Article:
In support of the Chaplain Corps mission: Airman 1st Class Sara Boucher

  • Published
  • By Airman Elijah Van Zandt
  • 341st Missile Wing Public Affairs
An extremely small town - Blairsville, Georgia was Airman 1st Class Sara Boucher’s home for 27 years before joining the Air Force.

“I had four jobs before the military,” said Boucher. “Joining was always something I wanted to do but something kept me from taking the next step.”

Opportunities were slim in Bowersville and Boucher knew that the Air Force would provide her the foundation to continue doing what she enjoyed, helping others.

“I loved working at the humane society but I was barely making a living and was having a rough time,” she said. “I knew I needed some stability in my life so I went to a recruiter and the process happened very quickly.”

While in basic training, Boucher was interviewed by two chaplains to get a sense if she would be a good fit in the career field because of the stressful nature of the job.

“They looked for emotional intelligence and to see if I was able to pick up on non-verbal cues,” said Boucher.

Needless to say, she got the job and is now a 341st Missile Wing Chaplain Corps religious affairs Airman, supporting the mission of providing spiritual care to Malmstrom Air Force Base.
When reflecting on her interview at basic training, Boucher knew that her life experiences would play a factor in being fit for the role.

“My age helped, and I lost my father in 2015 so I’ve dealt with death and I’m able to walk with someone through that journey because I’ve been there before,” said Boucher.

There are no religious requirements for Airmen in the career field, however, they are required to have knowledge on various religions which is taught through technical training. This expertise is used to set up for weekly services held at the chapel and to engage with service members from different religious backgrounds.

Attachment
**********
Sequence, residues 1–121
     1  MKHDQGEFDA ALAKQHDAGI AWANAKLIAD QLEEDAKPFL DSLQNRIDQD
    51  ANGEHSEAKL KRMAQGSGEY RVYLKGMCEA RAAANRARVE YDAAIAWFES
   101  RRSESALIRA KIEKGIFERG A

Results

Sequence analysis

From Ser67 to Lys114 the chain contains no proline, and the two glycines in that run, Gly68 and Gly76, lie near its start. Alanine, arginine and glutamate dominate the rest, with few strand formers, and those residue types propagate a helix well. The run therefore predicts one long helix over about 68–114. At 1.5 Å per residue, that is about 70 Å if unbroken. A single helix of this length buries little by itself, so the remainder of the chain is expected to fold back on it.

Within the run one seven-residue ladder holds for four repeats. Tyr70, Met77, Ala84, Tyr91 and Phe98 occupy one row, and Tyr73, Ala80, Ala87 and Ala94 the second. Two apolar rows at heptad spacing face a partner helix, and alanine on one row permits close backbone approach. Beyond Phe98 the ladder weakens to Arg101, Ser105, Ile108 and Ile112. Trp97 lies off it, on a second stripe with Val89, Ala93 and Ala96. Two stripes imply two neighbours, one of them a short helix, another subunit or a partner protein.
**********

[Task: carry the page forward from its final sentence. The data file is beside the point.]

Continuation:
“Religion is fascinating to me and I’ve enjoyed learning and experiencing a little bit of everything,” said Boucher. “I love being neutral because if an Islamic Airman comes to me, I want that person to feel just as comfortable as a Roman Catholic or Protestant.”

Boucher was the first pipeline religious affairs Airman to join the Chaplain Corps at Malmstrom in 12 years, and is currently the only junior enlisted member. When her master sergeant deployed, it was up to Boucher to carry the majority of the work-load on a daily basis.

“It was like constantly playing catch-up, not only to life in the military, but to my career field as well,” she said.

Her duties include managing administrative and financial tasks, as well as supporting Airmen who walk through the door needing someone to talk with.

“I want to be there for Airmen as a level-headed and calm presence,” said Boucher. “Everything is confidential, and while we don’t provide counseling, we do our best to help anyone with the situation they are going through - even if that means just venting.”

Boucher is thankful for the opportunity to work at the chapel because of the impact she has on the installation every day.

“This is a very fulfilling job – not only am I acting in the best interest of all the Airmen on Malmstrom, but I’m also working with chaplains who are working so hard and selflessly to keep the mission going.”